Following a review of public comment, GBRMPA will forward a revised zoning plan to Australia's environment minister, who will in turn introduce enabling legislation to the Australian Parliament. Parliament, which could further amend the plan, must approve the legislation before the plan can come into effect.

Reactions for and against

Imogen Zethoven of the nongovernmental organization WWF Australia says the re-zoning effort is a "once in a lifetime opportunity" to give the 350,000-km2 marine park the protection it needs. Stating that the greatest threats facing the Great Barrier Reef are climate change and resultant coral bleaching, Zethoven says the re-zoning plan will help protect the park by making coral reefs healthier and stronger. "A major increase in no-take zones will enhance the resilience of the Great Barrier Reef to major bleaching events," she says. The re-zoning plan could be better, she says, with an even larger percentage of the marine park set aside as no-take. WWF has called for around 50% of the park to be closed to fishing to protect its full range of biodiversity.

Col McKenzie, executive director of the Queensland-based Association of Marine Park Tourism Operators (AMPTO), actively supports the draft zoning plan, calling it "the most important thing GBRMPA has done since its inception." The tourism industry - which employs more than 47,000 people within the Great Barrier Reef catchment and marine park and generates approximately AU$4.2 billion (US$2.9 billion) annually - relies on a healthy reef. "For the marine tourism industry, this plan means protection of its diving and snorkelling sites and an increase in fish for our customers to see," says McKenzie, who cites overfishing and poor water quality as the main threats facing the reef. "In a few years, we will be asking why we did not do this sooner."

The mayor of the city of Cairns, a center for dive tour operators and recreational fishing charters, criticizes tourism-industry support for the draft plan as a "winner take all" approach. "There was an intimation they wanted more of the marine park locked away from recreational and commercial fisheries - enabling more sole use for themselves," says Mayor Kevin Byrne. He says the draft zoning plan would have little effect on the real threats to the park, including agricultural runoff from land. While acknowledging that overfishing is a problem, Byrne says it should be managed instead through such methods as catch reductions and buyout schemes for commercial fishing, and reductions in bag limits for anglers. (The state of Queensland, not GBRMPA, manages fisheries in the marine park.)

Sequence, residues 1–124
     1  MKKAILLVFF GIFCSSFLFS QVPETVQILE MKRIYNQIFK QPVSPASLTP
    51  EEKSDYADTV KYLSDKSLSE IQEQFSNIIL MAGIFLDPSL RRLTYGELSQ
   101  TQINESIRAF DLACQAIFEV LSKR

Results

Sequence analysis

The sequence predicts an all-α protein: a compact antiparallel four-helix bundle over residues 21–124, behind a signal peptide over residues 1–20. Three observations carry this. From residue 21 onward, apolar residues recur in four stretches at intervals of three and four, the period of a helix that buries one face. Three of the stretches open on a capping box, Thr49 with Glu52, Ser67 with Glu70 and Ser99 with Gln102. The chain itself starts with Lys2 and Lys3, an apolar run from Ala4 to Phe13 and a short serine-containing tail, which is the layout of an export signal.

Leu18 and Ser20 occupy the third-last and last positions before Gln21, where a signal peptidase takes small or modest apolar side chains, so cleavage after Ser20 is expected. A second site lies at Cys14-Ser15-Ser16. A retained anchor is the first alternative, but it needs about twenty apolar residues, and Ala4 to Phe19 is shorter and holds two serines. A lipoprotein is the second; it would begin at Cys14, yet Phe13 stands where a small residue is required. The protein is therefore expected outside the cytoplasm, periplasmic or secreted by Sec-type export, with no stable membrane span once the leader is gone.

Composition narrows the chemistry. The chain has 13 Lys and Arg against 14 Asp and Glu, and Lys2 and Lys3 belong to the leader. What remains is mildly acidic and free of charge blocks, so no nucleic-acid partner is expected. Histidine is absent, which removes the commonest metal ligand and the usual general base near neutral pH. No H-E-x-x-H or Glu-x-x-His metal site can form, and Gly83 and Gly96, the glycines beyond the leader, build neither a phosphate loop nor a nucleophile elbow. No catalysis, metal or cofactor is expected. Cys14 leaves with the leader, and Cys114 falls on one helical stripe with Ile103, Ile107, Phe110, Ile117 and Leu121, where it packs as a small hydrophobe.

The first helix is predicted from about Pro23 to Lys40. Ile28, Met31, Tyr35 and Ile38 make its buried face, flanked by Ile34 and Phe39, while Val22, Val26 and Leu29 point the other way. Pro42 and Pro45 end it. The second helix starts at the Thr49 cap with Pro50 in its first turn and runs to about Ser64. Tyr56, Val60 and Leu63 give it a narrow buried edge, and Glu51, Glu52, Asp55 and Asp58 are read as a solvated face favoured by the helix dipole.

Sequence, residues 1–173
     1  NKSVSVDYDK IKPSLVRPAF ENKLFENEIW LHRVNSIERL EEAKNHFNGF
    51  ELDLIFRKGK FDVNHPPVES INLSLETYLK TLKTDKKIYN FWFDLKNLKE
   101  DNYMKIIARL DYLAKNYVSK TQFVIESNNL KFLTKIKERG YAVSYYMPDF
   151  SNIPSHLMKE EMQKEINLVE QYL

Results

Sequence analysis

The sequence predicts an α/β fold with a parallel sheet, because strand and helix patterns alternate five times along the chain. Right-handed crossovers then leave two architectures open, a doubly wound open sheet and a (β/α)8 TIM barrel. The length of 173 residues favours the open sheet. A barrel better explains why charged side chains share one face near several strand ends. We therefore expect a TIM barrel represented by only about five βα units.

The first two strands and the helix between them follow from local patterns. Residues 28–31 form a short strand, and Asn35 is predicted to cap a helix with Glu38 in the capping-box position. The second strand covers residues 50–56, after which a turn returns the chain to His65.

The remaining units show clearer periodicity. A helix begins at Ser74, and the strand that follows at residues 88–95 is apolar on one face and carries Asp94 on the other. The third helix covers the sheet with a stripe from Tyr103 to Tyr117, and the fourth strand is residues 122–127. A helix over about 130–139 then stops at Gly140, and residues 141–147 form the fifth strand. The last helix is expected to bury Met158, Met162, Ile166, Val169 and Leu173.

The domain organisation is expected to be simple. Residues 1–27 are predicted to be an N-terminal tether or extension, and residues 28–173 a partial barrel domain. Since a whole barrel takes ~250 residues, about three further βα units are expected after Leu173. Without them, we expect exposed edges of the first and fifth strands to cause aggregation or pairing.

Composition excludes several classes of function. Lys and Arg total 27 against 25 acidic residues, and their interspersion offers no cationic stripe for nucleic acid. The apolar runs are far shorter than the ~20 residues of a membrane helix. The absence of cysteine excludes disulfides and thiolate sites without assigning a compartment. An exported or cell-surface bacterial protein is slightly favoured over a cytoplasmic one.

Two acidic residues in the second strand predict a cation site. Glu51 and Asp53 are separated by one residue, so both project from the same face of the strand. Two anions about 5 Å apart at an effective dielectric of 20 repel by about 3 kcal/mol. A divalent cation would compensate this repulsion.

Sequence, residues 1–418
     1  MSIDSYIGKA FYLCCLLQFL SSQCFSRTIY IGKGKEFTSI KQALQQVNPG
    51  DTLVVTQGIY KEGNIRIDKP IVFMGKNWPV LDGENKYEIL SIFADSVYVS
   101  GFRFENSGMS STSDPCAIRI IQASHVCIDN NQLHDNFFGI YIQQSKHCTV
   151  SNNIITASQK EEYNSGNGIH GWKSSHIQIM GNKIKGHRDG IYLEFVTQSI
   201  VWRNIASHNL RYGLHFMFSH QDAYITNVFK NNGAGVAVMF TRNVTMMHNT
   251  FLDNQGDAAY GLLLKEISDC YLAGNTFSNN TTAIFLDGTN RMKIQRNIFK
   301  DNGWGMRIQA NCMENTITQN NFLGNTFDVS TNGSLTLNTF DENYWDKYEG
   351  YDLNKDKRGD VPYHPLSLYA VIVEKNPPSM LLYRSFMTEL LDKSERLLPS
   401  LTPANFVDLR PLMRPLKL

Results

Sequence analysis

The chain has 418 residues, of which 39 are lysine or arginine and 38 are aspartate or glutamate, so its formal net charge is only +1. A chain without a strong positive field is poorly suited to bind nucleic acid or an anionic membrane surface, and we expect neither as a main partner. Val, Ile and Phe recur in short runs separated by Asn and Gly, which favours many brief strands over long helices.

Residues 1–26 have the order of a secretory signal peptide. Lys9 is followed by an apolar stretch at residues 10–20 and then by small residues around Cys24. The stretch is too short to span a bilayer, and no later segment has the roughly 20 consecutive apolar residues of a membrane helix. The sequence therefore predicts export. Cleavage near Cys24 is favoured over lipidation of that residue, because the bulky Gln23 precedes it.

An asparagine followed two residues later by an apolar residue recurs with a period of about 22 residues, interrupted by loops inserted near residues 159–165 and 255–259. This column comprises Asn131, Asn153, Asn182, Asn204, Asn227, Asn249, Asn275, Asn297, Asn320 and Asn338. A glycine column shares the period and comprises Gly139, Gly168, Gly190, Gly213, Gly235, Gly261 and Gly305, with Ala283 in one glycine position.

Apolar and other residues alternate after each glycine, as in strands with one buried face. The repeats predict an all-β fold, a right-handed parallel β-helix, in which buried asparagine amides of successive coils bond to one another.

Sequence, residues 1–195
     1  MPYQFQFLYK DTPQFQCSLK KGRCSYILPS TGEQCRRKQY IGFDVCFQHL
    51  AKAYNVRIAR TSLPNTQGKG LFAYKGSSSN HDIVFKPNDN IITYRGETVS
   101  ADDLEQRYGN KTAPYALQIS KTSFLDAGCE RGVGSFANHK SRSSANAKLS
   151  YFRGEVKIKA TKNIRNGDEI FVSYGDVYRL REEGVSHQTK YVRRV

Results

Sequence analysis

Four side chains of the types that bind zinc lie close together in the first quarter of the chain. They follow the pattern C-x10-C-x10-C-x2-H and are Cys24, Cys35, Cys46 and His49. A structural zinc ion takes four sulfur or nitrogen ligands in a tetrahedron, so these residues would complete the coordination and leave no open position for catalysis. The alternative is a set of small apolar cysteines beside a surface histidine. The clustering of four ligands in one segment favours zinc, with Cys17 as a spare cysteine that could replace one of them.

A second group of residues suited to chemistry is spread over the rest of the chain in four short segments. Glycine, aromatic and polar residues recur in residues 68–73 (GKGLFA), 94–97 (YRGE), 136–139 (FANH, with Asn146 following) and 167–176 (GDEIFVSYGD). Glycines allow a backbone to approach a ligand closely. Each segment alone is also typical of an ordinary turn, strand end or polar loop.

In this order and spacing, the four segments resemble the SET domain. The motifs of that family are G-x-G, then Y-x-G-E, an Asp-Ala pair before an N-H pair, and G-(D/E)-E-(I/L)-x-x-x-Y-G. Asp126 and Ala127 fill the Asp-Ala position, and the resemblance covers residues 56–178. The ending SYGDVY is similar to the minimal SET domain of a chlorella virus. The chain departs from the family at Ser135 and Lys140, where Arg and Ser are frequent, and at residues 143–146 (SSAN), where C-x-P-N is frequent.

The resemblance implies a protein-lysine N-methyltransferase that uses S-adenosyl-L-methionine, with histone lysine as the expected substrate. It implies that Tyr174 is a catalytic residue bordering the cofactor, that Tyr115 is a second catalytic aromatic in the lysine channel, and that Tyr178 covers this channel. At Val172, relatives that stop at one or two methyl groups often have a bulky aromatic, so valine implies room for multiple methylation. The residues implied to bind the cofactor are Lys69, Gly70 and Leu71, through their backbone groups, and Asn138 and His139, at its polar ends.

Vern Veitch, vice chairman of Sunfish Queensland, a recreational fishing association, agrees that anglers would rather have lower bag limits than expanded no-take zones. Even so, he says, they would be more satisfied with the draft zoning plan if no-take zones were off-limits to everyone, not just the fishing community. Citing scientific evidence that swimmers can interfere with spawning aggregations and other fish behavior, Veitch says, "If these areas are to be genuinely protected and, as claimed, become a source of increased fish diversity and productivity that will spill over to other areas, then we must stop all on-site impacts."

Darren Cleland, executive officer of Ecofish, a commercial fishing association in Queensland, says closing so much of the marine park would force all fishermen into smaller areas, which would be ruined as a result. "Quite simply, by protecting a third of the park, they will destroy the remainder," he says.

GBRMPA officials acknowledge that some effort displacement may occur as a result of re-zoning, but that it has been minimized through placement of no-take zones to limit impact on existing fishing patterns. GBRMPA also expects the re-zoning to be complemented by new and proposed Queensland fisheries management arrangements to reduce fishing effort across all fisheries.

For more information:

Jon Day, GBRMPA, PO Box 1379, Townsville, Queensland 4810, Australia. Tel: +61 7 4750 0779; E-mail: j.day [at] gbrmpa.gov.au.

Imogen Zethoven, WWF Australia, PO Box 710, Spring Hill, Qld 4004, Australia. Tel: +61 7 3839 2677; E-mail: izethoven [at] wwf.org.au.

Col McKenzie, AMPTO, PO Box 5720, Cairns, Qld 4870, Australia. Tel: +61 7 4044 4990; E-mail: colmckenzie [at] ampto.com.au.

Kevin Byrne, PO Box 359, Cairns, Qld 4870, Australia. Tel: +61 7 4044 3044; E-mail: k.byrne [at] cairns.qld.gov.au.

Vern Veitch, Sunfish Queensland, 4 Stagpole Street, Townsville, Qld 4810, Australia. Tel: +61 7 4771 6087; E-mail: vernv [at] bigpond.net.au.

Darren Cleland, Ecofish, Qld, Australia. E-mail: dcleland [at] credc.com.au.

BOX: Draft zoning plan is online